Facebook Considers Allowing Children to Use Site

The social media site might allow kids under age 13 to create an account.

Facebook is considering changing its current policy that bans children under age 13 from using the site, according to an exclusive Wall Street Journal article.

According to WSJ:

Mechanisms being tested include connecting children's accounts to their parents' and controls that would allow parents to decide whom their kids can "friend" and what applications they can use, people who have spoken with Facebook executives about the technology said. The under-13 features could enable Facebook and its partners to charge parents for games and other entertainment accessed by their children, the people said.

Patch wants to know what you think about this. Take our poll and let us know in the comments.

Catherine Litvaitis June 05, 2012 at 08:35 PM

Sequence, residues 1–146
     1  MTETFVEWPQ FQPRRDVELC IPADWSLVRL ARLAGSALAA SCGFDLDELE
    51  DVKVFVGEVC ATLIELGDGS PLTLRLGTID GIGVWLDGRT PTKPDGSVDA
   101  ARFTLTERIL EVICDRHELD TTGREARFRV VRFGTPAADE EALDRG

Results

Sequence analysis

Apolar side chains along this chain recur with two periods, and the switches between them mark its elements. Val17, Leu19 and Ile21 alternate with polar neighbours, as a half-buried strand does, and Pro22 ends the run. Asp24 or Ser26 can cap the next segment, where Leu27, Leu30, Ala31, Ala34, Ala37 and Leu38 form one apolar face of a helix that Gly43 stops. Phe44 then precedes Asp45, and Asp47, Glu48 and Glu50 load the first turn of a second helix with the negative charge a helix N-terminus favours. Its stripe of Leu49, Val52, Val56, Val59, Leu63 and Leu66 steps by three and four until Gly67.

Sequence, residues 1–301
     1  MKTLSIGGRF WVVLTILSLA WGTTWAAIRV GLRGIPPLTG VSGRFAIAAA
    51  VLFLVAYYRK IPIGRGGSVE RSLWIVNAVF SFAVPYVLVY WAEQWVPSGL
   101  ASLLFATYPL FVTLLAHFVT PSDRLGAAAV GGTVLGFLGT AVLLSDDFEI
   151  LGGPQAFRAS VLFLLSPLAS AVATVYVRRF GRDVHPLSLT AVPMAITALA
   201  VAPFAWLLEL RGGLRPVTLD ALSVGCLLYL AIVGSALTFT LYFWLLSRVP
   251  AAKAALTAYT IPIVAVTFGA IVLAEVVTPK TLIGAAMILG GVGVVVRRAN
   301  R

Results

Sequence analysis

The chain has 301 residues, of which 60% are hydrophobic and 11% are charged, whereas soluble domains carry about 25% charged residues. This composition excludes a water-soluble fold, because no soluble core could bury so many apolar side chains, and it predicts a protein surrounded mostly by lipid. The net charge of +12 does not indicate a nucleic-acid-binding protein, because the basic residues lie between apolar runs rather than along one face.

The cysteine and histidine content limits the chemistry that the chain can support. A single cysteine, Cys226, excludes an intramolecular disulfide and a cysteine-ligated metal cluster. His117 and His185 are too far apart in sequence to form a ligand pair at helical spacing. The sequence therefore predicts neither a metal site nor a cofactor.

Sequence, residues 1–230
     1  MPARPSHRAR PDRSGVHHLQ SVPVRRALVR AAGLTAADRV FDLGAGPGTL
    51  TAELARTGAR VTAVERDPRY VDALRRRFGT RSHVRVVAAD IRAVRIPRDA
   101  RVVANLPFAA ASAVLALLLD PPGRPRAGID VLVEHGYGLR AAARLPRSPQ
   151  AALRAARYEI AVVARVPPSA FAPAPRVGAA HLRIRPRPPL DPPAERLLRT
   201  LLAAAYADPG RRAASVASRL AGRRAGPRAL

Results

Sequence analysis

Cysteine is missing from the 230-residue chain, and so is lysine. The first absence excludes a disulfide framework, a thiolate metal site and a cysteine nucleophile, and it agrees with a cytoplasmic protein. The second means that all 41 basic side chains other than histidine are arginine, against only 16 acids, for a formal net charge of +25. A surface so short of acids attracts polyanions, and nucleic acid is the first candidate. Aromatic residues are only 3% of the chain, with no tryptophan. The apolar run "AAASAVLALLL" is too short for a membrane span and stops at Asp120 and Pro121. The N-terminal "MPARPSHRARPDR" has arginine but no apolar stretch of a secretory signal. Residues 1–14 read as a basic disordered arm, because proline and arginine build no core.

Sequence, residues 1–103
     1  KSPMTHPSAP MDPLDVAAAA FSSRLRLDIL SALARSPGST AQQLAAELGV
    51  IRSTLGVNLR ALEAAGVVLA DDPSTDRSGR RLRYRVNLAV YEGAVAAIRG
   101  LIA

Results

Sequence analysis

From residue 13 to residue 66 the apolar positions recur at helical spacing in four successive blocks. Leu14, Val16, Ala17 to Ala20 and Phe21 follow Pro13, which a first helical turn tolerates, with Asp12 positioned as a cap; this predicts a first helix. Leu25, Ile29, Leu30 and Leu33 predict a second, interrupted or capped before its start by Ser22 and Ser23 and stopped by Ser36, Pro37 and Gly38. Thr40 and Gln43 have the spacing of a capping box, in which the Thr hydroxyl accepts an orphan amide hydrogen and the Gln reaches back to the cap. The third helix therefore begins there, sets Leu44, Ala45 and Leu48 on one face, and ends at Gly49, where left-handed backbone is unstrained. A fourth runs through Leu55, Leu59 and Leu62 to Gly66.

In all honesty (and this is coming from me--a seventeen year-old), it doesn't make sense for people under the age of 13 to be allowed to use the site. Of course, age restrictions still won't keep people from making Facebooks under different birthdays, but I don't think that Facebook should be open to children under thirteen. Before that age, children are still developing mentally and are (no offense to anyone) typically not mature enough to handle something like social networking. (Don't get me wrong, though; some people who actually do meet the age requirements--whether they're fourteen or forty--still don't act properly on Facebook.) I mean, if Facebook were to enforce such a policy, then they must must must allow parents to control their accounts. I don't like the idea of letting app developers charge a parent to allow their child to use an app, though.


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